There's plenty about Lamb out there--biographies, quickie "non-fiction" about her affair with Byron, novels, even a film, not to mention all the biographies of Lord Melbourne, and a book or two about their marriage. (For Douglass's extensive bibliography of Caroline Lamb, click here.)

My goal in this brief post isn't to attempt a restoration of Caroline Lamb's image. But I do want to note that, aside from her relationship to men--her father, her husband, her disabled son, her lovers--she was herself a writer. Her first novel, a roman à clef, is Glenarvon, published in 1816. Although Glenarvon was wildly popular for its thinly disguised story, it contains a great deal of political and social commentary. 

Two additional novels followed: Graham Hamilton (1822), and Ada Reis (1823). (A third work, Penruddock, was also published, although no copies of this last work are known to survive.) Her novels are generally described as "gothic melodramas"--again, as if that were a bad thing! (Think of The Castle of Otranto and The Mysteries of Udolpho!!! Reading these novels got me through my study for my Ph.D. exams--why read Dickens when I could be reading Ann Radcliff?)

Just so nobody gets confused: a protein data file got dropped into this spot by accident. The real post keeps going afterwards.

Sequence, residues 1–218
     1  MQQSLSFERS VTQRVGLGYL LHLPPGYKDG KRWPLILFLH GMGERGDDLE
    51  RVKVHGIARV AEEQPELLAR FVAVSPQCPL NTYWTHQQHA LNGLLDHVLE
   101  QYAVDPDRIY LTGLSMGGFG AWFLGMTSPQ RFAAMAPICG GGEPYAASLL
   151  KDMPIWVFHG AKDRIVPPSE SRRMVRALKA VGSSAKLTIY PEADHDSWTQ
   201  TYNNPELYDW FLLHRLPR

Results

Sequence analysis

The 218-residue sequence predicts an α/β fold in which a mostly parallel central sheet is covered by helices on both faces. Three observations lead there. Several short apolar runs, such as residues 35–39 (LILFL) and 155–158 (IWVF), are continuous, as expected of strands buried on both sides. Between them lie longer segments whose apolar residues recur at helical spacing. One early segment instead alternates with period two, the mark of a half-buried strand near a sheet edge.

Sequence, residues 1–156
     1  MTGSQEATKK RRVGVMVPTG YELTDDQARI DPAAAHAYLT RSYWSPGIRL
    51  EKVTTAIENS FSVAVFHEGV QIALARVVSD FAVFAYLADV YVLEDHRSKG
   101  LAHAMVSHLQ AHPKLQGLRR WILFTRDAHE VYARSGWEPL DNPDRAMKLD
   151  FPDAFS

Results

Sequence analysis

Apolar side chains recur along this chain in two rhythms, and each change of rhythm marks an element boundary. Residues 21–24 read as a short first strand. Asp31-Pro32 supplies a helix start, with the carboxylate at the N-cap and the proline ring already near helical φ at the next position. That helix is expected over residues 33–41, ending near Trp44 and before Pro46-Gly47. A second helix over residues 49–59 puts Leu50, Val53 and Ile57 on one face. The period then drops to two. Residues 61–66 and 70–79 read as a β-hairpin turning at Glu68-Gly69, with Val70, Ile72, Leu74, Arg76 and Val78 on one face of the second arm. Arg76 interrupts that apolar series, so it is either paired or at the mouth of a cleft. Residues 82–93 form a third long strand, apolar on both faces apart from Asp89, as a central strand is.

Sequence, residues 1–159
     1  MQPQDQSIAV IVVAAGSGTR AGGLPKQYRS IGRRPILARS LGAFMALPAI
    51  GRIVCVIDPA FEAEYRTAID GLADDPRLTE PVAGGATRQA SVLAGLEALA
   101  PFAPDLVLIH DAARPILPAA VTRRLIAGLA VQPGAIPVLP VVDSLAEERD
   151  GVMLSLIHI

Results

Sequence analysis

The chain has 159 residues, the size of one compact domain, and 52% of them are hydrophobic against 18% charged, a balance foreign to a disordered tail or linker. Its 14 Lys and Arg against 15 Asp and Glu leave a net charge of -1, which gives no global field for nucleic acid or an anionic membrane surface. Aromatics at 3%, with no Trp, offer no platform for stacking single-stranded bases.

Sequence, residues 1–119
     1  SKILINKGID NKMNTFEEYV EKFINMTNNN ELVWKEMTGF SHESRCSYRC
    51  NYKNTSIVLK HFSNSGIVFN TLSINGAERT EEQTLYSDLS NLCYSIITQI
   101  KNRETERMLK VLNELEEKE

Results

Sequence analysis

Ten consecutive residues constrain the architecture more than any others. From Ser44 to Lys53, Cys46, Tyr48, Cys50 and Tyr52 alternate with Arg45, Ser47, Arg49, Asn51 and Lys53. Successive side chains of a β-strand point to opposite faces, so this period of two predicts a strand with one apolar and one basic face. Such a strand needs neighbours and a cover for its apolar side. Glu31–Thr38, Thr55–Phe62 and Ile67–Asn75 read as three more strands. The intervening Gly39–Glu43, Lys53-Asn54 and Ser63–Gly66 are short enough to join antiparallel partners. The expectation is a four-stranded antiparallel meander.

In addition, Lamb mimicked Byron's wildly popular Don Juan by publishing A New Canto in 1819, followed, in 1821, by Gordon: A Tale. A Poetical Review of Don Juan, described in the preface as "partly a burlesque parody on the style of Don Juan; partly a sacrifice of praise offered at the shrine of talent, and partly arguments proving its immoral tendency."

Finally, there are also her commonplace books and correspondence.

A 1995 Everman's edition of Glenarvon (ed. Frances Wilson) is out of print, but copies are available. All of Lamb's fiction is accessible for free, however, at a variety of sites and in several different ways: Kindle editions, Google Books, and the Internet Archive.